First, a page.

Families Of Sick Children Ask To Bring Cannabis Oil Into Tennessee
Tennessee lawmakers are reopening the debate on medical marijuana for the year by taking on a bill that would allow one form – low-potency cannabis oil. Backers say the oil holds promise for treating kids who suffer from devastating seizures.
Gail Grauer’s granddaughter Chloe died shortly before Christmas from a neurological brain disorder. In a life that lasted barely three years, she suffered 75,000 seizures – many of which, Grauer believes, could have been prevented.
“When people say time is of the essence, that’s not just a slogan.”
Grauer is asking the legislature to get behind a bill that would let Tennesseans bring cannabis oil back from states where it’s sold legally, like Colorado. The oil comes from a strain that’s closer to hemp than street marijuana and contains almost none of the chemical, THC, that causes a high.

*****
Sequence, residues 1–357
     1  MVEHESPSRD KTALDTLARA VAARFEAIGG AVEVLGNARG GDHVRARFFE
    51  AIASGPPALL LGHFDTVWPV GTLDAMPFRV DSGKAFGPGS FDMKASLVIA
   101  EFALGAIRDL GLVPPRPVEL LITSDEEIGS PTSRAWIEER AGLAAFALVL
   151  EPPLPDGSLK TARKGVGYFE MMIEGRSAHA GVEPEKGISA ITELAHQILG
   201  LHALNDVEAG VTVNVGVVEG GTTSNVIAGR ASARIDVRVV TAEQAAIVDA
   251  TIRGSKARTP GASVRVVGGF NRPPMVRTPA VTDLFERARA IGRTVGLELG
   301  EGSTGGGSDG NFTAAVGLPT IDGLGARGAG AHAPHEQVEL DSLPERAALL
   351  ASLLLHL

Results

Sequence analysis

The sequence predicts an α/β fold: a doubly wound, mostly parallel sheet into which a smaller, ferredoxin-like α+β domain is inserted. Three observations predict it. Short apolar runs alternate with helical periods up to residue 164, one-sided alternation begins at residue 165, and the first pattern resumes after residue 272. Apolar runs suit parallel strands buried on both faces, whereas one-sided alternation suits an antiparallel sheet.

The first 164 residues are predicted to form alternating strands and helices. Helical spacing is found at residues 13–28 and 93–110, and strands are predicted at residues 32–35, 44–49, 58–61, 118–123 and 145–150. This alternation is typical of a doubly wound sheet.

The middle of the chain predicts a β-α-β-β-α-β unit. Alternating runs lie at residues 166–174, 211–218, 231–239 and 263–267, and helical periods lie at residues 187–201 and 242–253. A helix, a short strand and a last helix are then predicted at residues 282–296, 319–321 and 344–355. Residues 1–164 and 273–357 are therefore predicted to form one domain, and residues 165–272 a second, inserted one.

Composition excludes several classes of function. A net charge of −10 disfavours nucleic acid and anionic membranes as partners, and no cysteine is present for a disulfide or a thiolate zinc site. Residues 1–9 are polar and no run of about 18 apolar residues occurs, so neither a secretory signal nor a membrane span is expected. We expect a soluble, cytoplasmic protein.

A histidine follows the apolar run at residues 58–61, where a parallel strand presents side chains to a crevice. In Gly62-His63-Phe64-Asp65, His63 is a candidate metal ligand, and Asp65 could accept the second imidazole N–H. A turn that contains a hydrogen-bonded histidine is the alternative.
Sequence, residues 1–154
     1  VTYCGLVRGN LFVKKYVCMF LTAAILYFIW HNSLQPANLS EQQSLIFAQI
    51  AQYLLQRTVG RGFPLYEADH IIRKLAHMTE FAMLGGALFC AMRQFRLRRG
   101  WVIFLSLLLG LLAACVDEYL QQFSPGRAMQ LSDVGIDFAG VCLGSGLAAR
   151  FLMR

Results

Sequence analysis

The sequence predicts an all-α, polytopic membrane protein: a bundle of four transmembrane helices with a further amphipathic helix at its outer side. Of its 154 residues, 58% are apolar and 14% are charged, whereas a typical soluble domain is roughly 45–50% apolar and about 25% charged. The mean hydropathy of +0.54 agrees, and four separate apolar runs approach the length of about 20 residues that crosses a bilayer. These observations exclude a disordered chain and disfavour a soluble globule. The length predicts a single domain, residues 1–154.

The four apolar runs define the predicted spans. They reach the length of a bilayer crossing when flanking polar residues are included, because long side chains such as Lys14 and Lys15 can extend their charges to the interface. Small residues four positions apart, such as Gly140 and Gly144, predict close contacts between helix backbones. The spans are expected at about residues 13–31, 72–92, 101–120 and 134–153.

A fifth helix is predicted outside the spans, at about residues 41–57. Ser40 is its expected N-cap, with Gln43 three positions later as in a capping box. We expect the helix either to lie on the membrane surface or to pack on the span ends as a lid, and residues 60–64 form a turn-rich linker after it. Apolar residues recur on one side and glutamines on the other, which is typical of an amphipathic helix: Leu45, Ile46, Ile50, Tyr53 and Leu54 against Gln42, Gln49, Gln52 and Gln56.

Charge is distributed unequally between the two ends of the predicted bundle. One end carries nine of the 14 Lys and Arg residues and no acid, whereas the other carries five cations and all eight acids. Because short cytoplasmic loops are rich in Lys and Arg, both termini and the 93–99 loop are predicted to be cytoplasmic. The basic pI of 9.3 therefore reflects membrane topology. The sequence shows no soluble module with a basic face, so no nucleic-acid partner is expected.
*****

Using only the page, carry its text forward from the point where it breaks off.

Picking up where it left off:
The bill’s sponsor, Rep. Jeremy Faison (R-Crosby), says federal restrictions have discouraged research on cannabis oil. But he’s convinced it’s effective.
“People know that there’s some benefits to this plant," Faison says. "God put it here for a reason."
Other lawmakers seem receptive, too. But they worry federal laws that ban transporting marijuana across state lines might stymie the effort.
A House subcommittee plans to study the matter more and take it up again in two weeks.
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